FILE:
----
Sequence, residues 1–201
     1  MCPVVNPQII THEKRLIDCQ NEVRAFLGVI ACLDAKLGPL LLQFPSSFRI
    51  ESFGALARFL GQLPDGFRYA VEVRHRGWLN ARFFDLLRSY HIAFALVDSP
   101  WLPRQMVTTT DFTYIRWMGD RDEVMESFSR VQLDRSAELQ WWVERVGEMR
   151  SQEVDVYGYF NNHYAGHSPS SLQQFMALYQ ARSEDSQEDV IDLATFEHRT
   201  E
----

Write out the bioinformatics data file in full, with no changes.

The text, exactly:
Sequence, residues 1–201
     1  MCPVVNPQII THEKRLIDCQ NEVRAFLGVI ACLDAKLGPL LLQFPSSFRI
    51  ESFGALARFL GQLPDGFRYA VEVRHRGWLN ARFFDLLRSY HIAFALVDSP
   101  WLPRQMVTTT DFTYIRWMGD RDEVMESFSR VQLDRSAELQ WWVERVGEMR
   151  SQEVDVYGYF NNHYAGHSPS SLQQFMALYQ ARSEDSQEDV IDLATFEHRT
   201  E